Then about this one:
Multiple copies bought? Are you kidding me? Universities are buying 1 copy
at the home video price (between $20 and $30) and that is it for--your
numbers--240 to 300 students. Go ahead and point the finger at the bad
distributor that wants so much money as much as you can, but if you do not
have the digital rights and do not want to pay a license fee, do not stream
at all and let the distributors figure out how to deliver that format to
your students legally.
No, I'm not kidding. Universities buy at $20 to $30 because a distributor agreed to sell it at that price. "My numbers" ?? Great, let's remember that you started with 10,000 students as part of the justification for digital rights pricing. Good argument strategy - turn the realistic numbers around against the other guy . . .
And the best part: "point the finger at the bad distributor that wants so much money . . ." OK, I will. And I and others should continue to point fingers (and not buy from) the distributors who have a flawed business model that charges for the same content two and three times, set rates that would make a loan shark blush and hold their customers hostage with outrageous renewal requirements.
Finally, and let me check this . . . nope, I never said I didn't want to pay license fees.
Never said that.
I also never advocated streaming without paying for a license. In fact I pointed out why it would be WORTH the extra cost for digital rights e.g.: "not having to stock two or three hard
copies that are subject to damage and loss, yea - that's worth a premium . . ."
I will argue that when a classroom video/DVD is sold for $30 to a university library there is never a question of how many potential viewers there will be, what the student population is, or a requirement to report the number of annual circs. Again, why is video on demand so different that these counts became an issue? No reasonable librarian is advocating an open stack video server that anyone on the web can access 24/7. There are passwords, secure servers, proprietary download clients and registered user lists to preserve the integrity of the collection.
The economics of providing digital files to university and other academic libraries does not warrant $500 plus pricing for 3-5 years.
And the argument that without higher pricing there will be no new product or filmmakers won't bother making films for so little return is nonsense also. Go tell it to the educational film producers that started up after 1985 when educational pricing went from $200 for a 12 minute 16mm film to $69 for the same thing on video. Filmmakers want to make films. Like actors want to act. Content will still get made and distributed - both pedantic educational content and evocative, passionate documentaries. Check out the NMM web site > http://www.nmm.net/market_notebook.shtml < for 55 distributors offering content to universities and K-12 centers. Five years ago they had 38 exhibitors.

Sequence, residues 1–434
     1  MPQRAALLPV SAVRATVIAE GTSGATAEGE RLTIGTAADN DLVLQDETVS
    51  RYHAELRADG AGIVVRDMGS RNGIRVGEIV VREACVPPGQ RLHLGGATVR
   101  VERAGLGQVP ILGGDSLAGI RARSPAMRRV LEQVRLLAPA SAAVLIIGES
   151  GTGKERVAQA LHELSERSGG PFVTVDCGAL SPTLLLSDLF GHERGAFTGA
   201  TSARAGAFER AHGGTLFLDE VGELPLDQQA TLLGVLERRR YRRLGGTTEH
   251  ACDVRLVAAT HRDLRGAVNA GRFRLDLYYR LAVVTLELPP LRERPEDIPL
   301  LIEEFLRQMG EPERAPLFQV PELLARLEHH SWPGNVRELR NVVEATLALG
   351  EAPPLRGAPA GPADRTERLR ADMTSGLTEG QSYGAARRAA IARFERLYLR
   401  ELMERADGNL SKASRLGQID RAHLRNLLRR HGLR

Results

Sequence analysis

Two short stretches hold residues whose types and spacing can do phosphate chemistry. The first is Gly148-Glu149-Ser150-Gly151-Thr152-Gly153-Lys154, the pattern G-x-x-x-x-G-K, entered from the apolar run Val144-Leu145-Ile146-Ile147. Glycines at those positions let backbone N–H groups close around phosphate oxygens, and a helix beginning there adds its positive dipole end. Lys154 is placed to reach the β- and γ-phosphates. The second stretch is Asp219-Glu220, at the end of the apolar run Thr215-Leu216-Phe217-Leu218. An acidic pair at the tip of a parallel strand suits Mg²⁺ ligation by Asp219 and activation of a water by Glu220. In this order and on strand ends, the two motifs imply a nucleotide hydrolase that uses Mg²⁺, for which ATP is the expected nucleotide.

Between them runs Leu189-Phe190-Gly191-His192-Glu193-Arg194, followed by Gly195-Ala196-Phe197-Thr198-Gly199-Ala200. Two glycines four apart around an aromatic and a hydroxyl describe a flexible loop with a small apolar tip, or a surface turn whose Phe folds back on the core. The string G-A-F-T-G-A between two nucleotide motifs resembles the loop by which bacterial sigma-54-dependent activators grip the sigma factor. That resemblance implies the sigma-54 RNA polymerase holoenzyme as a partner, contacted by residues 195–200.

Business is about relationships. And for at least seven years this issue of digital rights pricing has been one of the most divisive in the industry. Libraries are trying to stay relevant and distributors are trying to stay in business. The physical academic/k-12 video library will become irrelevant unless it can make digital delivery cost effective. Without the video library, the market place is diminished to the loss of all.
VIDEOLIB is intended to encourage the broad and lively discussion of issues relating to the selection, evaluation, acquisition,bibliographic control, preservation, and use of current and evolving video formats in libraries and related institutions. It is hoped that the list will serve as an effective working tool for video librarians, as well as a channel of communication between libraries,educational institutions, and video producers and distributors.